Identifying Winter Kill in Alfalfa

If you think you may have some winter damage to your alfalfa fields because of excess water or icing of the fields, there are some guidelines you can follow to determine if you should renovate the field.

  1. Dig up some plants from three or four locations in the field or the suspected area and inspect the root damage. Make sure you include the top six inches of the root.
  2. Slice the root lengthwise and check for rot or discolouration inside the root.
  3. If there is significant discolouration with 50% or more of the stems, then this stand will have poor winter survival for next year.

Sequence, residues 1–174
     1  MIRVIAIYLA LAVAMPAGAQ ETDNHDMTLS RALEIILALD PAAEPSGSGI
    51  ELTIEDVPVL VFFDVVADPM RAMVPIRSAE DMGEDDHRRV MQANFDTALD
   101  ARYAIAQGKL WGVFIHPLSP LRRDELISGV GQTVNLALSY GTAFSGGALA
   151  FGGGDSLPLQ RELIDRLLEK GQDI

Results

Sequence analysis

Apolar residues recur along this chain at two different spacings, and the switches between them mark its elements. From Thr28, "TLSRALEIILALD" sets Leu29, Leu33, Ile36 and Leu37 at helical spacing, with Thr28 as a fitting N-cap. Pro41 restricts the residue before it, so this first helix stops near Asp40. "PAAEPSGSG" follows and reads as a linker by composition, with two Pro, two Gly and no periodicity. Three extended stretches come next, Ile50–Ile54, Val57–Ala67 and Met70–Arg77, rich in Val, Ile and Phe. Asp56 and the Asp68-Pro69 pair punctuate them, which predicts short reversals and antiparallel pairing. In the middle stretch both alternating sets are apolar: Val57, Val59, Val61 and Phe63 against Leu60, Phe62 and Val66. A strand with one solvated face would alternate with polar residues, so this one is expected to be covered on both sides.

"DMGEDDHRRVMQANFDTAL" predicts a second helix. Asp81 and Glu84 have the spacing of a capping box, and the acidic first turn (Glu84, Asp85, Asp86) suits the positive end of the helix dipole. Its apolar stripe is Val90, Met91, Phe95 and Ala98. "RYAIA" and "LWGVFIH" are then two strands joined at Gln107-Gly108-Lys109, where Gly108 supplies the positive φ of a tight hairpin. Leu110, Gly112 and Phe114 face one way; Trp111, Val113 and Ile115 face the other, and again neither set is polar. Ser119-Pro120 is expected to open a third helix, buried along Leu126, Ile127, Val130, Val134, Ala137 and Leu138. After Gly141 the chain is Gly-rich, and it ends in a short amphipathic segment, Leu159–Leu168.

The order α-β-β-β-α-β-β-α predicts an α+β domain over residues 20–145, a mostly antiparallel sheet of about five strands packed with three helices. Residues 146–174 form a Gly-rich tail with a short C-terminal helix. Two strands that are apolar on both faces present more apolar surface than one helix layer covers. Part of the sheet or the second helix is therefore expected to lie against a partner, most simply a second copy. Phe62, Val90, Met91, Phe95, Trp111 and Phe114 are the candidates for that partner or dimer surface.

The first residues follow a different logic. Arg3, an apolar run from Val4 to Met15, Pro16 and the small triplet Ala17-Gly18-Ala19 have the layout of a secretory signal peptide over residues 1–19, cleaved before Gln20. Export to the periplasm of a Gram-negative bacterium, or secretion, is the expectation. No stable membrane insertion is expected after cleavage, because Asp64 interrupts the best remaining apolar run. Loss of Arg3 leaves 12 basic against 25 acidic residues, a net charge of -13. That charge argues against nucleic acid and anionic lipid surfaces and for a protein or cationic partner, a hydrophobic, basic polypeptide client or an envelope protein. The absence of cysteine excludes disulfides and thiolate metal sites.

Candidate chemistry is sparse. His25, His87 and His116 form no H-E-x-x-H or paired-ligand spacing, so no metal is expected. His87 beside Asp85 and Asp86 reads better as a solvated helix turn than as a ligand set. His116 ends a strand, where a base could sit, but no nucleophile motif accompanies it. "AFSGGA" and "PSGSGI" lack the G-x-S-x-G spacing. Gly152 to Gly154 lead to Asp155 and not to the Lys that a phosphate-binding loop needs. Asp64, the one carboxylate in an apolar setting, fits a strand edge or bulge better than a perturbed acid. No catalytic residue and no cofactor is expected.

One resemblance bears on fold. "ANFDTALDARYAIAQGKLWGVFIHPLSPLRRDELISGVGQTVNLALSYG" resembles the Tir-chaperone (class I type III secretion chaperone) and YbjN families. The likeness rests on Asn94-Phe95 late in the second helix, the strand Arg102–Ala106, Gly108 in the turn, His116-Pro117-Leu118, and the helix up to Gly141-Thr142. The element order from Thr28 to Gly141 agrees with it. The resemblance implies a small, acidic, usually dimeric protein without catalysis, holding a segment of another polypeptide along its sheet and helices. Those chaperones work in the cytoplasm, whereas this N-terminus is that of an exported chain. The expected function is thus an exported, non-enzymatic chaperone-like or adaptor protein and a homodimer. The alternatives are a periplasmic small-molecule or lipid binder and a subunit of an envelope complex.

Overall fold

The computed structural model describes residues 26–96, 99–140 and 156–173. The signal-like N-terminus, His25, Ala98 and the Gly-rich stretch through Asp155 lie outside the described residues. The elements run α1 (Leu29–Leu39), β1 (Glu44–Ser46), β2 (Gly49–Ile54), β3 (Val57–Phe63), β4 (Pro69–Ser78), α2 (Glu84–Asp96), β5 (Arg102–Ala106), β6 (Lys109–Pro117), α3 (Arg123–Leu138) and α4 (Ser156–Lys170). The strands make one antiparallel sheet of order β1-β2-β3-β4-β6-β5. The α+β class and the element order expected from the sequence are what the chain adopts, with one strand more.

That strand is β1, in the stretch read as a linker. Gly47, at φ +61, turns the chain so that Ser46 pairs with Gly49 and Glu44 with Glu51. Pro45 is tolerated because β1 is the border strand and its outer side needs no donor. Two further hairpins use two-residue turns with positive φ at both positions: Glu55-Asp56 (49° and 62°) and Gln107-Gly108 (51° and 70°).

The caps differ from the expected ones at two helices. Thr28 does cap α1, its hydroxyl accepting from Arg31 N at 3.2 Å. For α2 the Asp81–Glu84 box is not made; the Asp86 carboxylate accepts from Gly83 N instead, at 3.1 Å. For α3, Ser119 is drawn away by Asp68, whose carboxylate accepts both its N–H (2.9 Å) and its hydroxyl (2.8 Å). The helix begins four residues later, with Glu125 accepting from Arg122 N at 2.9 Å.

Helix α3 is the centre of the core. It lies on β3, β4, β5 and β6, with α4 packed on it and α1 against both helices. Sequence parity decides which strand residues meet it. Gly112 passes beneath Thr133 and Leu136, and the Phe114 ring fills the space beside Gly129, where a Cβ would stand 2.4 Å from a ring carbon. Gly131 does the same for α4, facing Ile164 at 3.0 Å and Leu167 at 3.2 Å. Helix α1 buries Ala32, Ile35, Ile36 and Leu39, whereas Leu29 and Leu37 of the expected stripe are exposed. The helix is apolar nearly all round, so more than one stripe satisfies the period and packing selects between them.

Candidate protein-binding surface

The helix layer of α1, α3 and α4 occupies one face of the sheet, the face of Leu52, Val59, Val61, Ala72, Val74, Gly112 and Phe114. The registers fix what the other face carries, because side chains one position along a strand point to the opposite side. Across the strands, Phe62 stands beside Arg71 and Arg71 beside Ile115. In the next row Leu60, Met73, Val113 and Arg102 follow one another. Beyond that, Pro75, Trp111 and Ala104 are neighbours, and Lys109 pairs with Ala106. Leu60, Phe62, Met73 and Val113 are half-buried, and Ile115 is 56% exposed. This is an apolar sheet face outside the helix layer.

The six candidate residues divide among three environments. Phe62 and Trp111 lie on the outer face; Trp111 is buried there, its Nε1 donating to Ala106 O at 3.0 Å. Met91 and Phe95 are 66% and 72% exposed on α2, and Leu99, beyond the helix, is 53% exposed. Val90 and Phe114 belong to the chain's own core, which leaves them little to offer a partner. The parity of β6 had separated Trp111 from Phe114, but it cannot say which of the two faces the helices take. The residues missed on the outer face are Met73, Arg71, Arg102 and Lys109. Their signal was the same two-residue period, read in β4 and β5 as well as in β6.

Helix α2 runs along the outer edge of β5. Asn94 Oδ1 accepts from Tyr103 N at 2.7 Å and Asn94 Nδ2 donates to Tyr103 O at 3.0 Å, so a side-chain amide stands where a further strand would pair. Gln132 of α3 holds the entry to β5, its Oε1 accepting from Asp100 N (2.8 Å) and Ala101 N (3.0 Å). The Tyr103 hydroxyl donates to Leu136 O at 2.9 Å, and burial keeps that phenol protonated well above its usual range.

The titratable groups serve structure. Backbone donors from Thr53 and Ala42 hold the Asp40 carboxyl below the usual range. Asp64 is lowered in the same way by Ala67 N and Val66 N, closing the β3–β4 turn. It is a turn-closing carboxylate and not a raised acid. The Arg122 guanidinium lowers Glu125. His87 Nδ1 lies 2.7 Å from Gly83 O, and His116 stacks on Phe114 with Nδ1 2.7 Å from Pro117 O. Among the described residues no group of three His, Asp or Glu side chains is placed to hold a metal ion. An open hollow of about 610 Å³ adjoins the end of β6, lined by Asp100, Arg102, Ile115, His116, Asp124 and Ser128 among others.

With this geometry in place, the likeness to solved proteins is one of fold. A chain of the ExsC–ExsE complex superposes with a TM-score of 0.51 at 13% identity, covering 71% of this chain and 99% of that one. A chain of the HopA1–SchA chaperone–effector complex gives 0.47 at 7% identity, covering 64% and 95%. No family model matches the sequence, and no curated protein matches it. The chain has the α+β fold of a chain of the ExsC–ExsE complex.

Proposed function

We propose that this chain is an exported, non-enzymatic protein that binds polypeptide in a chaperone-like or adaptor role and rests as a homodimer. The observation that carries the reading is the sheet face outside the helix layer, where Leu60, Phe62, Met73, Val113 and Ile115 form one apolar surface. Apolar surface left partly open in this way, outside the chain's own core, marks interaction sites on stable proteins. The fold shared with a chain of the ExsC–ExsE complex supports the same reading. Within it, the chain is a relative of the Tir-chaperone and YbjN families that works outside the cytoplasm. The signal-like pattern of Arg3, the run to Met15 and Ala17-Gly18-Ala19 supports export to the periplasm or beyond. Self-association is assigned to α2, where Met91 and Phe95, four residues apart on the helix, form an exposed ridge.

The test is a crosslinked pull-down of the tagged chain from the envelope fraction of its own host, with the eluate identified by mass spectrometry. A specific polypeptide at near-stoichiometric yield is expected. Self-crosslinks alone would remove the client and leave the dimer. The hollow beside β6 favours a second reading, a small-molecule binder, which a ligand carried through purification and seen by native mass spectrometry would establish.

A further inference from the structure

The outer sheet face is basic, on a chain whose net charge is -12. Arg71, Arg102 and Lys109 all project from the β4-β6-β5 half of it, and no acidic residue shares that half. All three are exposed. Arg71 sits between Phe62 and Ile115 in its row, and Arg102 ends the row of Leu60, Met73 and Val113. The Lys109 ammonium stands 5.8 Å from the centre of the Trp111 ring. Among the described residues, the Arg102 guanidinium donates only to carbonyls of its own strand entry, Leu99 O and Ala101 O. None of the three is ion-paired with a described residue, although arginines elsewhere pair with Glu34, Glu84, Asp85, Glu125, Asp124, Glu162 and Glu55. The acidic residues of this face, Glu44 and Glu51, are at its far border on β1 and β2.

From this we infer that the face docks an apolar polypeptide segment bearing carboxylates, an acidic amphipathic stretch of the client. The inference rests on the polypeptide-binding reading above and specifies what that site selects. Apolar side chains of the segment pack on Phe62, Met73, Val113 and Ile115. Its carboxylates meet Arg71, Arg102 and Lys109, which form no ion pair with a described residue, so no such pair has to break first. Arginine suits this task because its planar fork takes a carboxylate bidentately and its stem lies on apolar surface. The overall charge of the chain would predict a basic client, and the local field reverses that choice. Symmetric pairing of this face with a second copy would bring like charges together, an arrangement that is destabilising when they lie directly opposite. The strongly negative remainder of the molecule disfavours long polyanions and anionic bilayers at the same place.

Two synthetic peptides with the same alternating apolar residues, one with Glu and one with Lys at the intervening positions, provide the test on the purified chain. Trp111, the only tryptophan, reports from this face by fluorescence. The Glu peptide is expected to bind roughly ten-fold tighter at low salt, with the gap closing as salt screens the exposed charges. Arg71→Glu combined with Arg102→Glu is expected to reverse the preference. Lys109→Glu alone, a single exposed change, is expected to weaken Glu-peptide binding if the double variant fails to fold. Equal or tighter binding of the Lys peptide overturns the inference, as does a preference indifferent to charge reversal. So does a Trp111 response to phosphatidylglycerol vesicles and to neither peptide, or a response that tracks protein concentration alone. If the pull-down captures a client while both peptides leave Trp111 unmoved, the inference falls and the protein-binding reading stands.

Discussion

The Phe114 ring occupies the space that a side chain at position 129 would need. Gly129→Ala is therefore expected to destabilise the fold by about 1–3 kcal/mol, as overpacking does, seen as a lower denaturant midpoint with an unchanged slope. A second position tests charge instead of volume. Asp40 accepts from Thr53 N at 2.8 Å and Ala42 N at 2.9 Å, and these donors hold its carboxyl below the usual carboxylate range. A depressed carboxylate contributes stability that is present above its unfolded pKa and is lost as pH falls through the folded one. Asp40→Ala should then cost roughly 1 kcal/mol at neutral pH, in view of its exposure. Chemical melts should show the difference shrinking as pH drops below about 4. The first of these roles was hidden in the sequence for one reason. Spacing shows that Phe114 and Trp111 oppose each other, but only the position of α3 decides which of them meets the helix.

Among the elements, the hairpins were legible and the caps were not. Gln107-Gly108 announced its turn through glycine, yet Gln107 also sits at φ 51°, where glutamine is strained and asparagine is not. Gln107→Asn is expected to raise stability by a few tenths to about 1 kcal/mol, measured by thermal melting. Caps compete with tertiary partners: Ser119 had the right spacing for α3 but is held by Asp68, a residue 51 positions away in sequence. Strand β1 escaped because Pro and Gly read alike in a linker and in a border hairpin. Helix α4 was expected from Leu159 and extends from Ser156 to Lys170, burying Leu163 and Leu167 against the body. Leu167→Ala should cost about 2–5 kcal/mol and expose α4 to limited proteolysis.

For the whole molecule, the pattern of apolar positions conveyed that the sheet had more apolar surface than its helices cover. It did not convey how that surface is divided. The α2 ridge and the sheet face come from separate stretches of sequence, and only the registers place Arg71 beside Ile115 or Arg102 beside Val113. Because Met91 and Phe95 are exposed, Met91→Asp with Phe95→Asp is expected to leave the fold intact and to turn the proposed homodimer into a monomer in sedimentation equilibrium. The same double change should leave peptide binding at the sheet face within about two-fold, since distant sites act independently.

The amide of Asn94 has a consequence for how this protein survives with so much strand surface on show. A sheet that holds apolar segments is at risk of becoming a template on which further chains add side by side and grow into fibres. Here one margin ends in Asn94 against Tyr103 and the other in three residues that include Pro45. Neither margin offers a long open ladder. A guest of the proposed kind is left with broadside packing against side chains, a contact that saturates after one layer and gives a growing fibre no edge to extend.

4.  If there are a number of dead plants, to determine if there is an economic stand left, count the viable stems in a square foot. If there are more than 40, it should provide a reasonable yield, if below 30 stems per square foot, consider replacing the stand. Another option is to count the number of plants per square foot. An ideal number is ten or more; if less than three, consider renovation. If there is winter injury, the alfalfa crop will be slow to recover, so leave that first harvest until mid-bloom to allow the damaged crown to recover and build reserves. An alfalfa plant can usually withstand 10-20 days of ice covering before toxic compounds build up and kill the plant. Before you start to tear up a field, do a complete survey.

Reference: Dan Undersander, University of Wisconsin Extension Service.